As anyone in the C-suite will know, great leadership is both an art and a science. It takes years of failures, practice and determination to acquire. Although a few individuals possess great leadership skills naturally, most middle managers looking to move into an executive role will need to leverage their potential and build on their leadership foundations before they take the reins. Not only must they have a deep understanding of the industry and the business, but executive leaders must have the skills necessary to empower people to live out the organisation's values and serve as a trusted voice for guiding its direction.
If you’re looking to progress your career to the next level, these practical approaches can help with honing your leadership skills and priming yourself for an executive step up.
Build Influence in the Workplace
At an executive level, effective leaders establish influence that enables them to make an impact across every function of the organisation. Influence enables leaders to get results without the need to exert their seniority, and provides advantages such as a greater voice in strategic meetings, the capacity to tackle challenging issues whilst maintaining a positive connection, and the ability to motivate and generate support from employees and peers with ease.
Influence is centred around relationships, and is built through consistency, transparency and approachability. People are willing to follow a leader they trust and whom they believe prioritises their best interests. It’s important to invest in people by taking the time to understand their goals, perspectives and motivators. In addition, being upfront and sharing context, where appropriate, makes it easier to get buy-in and retain a good rapport, even when having difficult conversations.
Cultivate Executive Courage
Executive leaders need to be confident working across many different areas of the organisation. It is important for those aiming for promotion to go beyond their own area of expertise and gain an understanding of the various business units that enable the business to function. They also need to be prepared to take ownership and make difficult choices when necessary.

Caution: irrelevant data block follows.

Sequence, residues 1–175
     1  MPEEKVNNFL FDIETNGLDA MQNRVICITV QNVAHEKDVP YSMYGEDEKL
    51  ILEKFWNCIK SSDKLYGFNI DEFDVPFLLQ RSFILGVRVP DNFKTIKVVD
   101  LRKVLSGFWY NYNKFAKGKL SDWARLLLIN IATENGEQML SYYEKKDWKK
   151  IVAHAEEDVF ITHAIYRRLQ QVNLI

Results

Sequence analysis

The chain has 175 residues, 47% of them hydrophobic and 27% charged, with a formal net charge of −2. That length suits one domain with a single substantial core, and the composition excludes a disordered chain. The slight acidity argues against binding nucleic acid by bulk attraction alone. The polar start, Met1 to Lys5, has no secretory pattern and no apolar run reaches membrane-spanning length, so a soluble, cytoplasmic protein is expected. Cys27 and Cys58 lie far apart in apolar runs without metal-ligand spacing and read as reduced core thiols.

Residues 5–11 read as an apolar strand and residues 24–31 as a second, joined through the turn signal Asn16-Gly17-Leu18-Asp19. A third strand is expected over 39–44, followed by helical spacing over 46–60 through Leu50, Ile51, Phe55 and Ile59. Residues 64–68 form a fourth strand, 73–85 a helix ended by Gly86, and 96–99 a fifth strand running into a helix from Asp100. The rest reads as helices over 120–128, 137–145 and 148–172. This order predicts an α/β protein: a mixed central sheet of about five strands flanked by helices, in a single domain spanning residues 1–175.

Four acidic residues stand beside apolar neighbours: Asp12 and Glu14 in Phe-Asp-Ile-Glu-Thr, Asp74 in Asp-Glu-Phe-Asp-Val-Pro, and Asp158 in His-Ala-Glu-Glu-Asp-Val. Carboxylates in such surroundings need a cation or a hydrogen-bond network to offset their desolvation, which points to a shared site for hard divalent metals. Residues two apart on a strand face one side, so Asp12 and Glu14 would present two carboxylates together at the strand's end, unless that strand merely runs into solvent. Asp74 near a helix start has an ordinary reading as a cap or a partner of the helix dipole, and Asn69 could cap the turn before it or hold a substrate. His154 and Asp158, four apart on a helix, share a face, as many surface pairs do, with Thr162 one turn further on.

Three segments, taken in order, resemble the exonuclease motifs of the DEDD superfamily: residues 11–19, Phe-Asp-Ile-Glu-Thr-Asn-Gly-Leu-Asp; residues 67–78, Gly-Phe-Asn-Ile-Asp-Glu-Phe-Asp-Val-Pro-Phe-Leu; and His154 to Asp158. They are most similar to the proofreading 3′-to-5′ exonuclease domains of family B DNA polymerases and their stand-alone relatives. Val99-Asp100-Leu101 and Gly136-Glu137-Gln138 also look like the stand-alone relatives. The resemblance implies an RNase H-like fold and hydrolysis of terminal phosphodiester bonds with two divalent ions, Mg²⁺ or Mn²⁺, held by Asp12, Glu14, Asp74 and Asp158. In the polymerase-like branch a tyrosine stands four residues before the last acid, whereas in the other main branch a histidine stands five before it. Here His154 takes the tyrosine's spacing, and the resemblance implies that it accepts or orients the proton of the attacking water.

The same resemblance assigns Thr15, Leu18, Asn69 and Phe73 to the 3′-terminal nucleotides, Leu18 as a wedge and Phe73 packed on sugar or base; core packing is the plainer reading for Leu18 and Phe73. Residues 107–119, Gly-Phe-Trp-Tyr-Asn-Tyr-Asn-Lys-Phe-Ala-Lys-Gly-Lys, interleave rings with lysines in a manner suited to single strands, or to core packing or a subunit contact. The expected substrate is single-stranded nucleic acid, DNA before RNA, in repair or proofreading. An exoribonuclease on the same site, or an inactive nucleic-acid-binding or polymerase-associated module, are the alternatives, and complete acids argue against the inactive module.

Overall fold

It takes "executive courage" to lead in this way, and it can only be built up with practice, which is why middle managers seeking to develop their skills should be willing to offer new ideas, try alternative approaches and take risks. Even if these endeavours result in failure, the act of stepping into uncomfortable and confrontational situations will help cultivate resilience, the confidence to take action and trust in your own abilities.
Foster Strategic Relationships
In the world of leadership development, many professionals benefit from going a step further than a mentor and building a strategic alliance with a coach. This can significantly reduce the learning curve when honing executive leadership skills. Whilst most leaders are well-aware of the importance of mentoring their teams, some forget that their own learning and development continues to be important, especially as they take on the responsibility of teaching and guiding others.
The difference between a coach and a mentor is that a coach has already achieved what you are aiming for and is probably from outside of the organisation. They can assist leaders with skill development, help them work through challenges, point out key strengths and help recognise and manage limitations. Investing in this relationship is an advantage at every stage of an executive career, which is why OnTalent's expert Career Management Services can be an amazing resource for those looking to upskill.
Model Accountable Leadership
Successful executive leaders take personal accountability for organisational performance and should be able to not only recognise but anticipate what the business needs to succeed. They have a full understanding of its strengths and weaknesses, and will actively identify initiatives that drive success and address issues before they arise. Similarly, accountable leaders are prepared to be liable for the results of both their own decisions and those of the people they manage. They are solutions-focussed and will always be the first to step up and find solutions when things go wrong.
Whilst taking on this level of responsibility can be intimidating, particularly those new to executive leadership, the key to modelling accountability is to be honest, be willing to say “I’m sorry”, seek input from others and know your limits.
The jump from middle or senior management to executive leadership is about stepping beyond the day-to-day operational role and instead cultivating a strategic mentality in order to drive the business forward. Ultimately, great leaders are always a work in progress, and advancing to executive leadership means building effective leadership skills for this next stage of your career.
OnTalent’s Career Management Services and executive recruitment expertise help to connect people with purpose, getting results for individuals and organisations alike. Whether you’re in a career transition, are looking to take the next step in your executive management journey or want to bolster your company’s leadership pipeline, get in touch to find out how OnTalent can help.